Although the 555 timer is one of the most iconic chips ever made, and the original version is still sold in huge numbers, it actually makes little sense nowadays to use the classic chip anymore. That’s because an improved version has been around for a long time: the CMOS 555 timer. Most manufacturers that produced the original bipolar 555 timer also make a CMOS version, with typically the letter “C” somewhere in the full product name. Today we’ll have a look at a couple of these CMOS timers and see how they differ from the bipolar model.Continue reading
Back in 2016, TI introduced a line of what they called “nanopower op amps”. Where older op amps like the 741 use around 2 mA, and more modern ones might reduce that to perhaps 100 uA or so, TI’s ultra-low power devices consume just a few hundred nA. This enables the design of things like smoke alarms and temperature monitors that can work for a decade on a single battery charge.
This is the LPV801, a single channel op amp that uses just 450 nA. It’s not very fast: with just 8 kHz of unity-gain bandwidth it’s useless for audio, but ideal for slow-moving things like temperature sensors. A dual version (LPV802) is also available, as are single and dual versions with reduced offset voltage (the ‘811 and ‘812 respectively).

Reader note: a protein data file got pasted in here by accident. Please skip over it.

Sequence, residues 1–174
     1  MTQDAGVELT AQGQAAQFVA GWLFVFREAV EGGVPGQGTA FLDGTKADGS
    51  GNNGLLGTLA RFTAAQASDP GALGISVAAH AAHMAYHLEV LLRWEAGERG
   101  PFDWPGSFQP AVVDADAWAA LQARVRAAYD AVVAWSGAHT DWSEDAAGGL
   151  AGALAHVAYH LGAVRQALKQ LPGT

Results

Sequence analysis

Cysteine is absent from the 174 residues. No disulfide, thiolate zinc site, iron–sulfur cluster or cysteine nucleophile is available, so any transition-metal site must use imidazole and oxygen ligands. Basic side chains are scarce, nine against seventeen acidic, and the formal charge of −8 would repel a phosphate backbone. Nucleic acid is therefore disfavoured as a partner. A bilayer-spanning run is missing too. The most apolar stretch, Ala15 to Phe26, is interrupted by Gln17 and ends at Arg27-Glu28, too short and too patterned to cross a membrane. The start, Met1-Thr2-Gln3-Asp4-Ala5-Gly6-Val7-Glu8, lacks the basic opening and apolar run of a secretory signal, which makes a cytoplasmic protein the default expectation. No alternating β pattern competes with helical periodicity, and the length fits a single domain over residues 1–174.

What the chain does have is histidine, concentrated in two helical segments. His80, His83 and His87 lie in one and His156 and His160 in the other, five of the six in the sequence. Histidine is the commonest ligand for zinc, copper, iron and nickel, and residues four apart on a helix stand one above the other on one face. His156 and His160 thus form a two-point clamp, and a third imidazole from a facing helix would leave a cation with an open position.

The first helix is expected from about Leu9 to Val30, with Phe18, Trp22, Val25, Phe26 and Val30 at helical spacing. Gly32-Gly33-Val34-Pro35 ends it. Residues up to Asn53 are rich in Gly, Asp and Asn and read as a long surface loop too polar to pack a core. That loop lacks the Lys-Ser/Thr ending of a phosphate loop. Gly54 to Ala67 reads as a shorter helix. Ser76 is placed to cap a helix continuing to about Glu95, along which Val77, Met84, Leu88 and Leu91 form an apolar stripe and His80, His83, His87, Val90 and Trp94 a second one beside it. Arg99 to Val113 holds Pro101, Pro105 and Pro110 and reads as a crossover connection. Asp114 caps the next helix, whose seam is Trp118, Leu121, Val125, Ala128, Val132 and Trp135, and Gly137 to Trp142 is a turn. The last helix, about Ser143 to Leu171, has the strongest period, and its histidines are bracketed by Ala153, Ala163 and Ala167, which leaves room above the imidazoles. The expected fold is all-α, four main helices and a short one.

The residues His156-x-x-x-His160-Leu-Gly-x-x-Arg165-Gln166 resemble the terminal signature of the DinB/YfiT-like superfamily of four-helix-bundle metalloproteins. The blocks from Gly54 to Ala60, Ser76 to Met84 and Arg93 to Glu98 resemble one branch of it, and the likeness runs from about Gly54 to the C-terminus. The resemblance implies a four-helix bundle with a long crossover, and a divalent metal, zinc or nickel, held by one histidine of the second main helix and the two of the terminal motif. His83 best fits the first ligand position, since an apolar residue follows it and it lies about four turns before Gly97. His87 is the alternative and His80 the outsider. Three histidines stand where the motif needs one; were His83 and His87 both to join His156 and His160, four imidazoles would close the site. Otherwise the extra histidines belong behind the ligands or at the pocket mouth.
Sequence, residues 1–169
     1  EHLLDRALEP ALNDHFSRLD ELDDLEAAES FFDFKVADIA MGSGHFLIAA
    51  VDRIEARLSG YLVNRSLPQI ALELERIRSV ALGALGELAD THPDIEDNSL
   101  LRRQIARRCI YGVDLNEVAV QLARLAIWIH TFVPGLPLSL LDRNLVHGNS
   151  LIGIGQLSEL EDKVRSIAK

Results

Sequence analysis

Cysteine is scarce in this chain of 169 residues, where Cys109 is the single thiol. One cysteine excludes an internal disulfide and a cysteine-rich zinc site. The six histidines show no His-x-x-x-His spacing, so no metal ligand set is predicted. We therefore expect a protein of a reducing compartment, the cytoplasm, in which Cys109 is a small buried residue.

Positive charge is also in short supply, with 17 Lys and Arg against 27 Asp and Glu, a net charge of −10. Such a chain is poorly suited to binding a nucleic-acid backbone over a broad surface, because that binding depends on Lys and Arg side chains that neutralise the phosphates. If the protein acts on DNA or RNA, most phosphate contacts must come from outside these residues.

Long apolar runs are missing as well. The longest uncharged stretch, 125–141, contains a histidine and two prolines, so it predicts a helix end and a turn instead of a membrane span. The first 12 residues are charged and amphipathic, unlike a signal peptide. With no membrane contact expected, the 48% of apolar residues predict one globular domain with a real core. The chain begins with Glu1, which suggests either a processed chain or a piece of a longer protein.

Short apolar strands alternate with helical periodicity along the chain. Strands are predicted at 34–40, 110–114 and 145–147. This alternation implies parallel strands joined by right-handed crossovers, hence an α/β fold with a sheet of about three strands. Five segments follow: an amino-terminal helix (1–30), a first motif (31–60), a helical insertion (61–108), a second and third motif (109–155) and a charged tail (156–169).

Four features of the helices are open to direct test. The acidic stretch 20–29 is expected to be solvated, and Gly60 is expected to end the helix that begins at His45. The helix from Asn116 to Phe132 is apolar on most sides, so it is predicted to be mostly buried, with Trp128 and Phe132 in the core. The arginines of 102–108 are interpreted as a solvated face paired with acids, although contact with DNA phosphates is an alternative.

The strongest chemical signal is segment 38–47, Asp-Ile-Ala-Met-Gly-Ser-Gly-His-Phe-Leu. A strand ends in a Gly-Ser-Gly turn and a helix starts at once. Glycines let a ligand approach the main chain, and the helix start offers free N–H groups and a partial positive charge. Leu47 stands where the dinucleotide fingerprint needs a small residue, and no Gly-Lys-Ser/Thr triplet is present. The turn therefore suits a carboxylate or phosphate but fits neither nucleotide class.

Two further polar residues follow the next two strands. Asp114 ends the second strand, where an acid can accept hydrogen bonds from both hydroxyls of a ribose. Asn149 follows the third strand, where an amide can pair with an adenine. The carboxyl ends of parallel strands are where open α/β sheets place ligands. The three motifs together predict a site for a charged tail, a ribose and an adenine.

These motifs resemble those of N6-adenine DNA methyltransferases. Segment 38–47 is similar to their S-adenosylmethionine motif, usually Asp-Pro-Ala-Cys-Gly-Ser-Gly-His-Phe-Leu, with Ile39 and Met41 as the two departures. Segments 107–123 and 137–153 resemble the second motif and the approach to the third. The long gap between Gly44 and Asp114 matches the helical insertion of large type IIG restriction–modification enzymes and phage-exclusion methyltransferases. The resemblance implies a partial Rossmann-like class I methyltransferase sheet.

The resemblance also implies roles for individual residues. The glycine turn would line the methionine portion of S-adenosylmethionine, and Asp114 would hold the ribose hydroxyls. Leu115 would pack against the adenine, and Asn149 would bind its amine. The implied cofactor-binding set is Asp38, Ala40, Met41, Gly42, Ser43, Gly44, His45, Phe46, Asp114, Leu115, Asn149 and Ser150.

Inside we find this neat little design. Five bond pads are bonded to the five pins on the package; two additional ones on the top row are used for testing. In the top-right corner is an L-shaped alignment marker, which is used during laser trimming.Continue reading
Texas Instruments has a nice selection of motor driver ICs. Where in the old days you’d often have to make your own H-bridge out of discrete transistors, figure out how to drive their gates, and then generate the right signals to spin up, reverse, brake or coast your motor, nowadays you can get all these functions integrated into a single chip. Today we’ll look at the DRV8876, which is a rather small chip that can nevertheless dump up to 3.5 A into a motor’s windings.Continue reading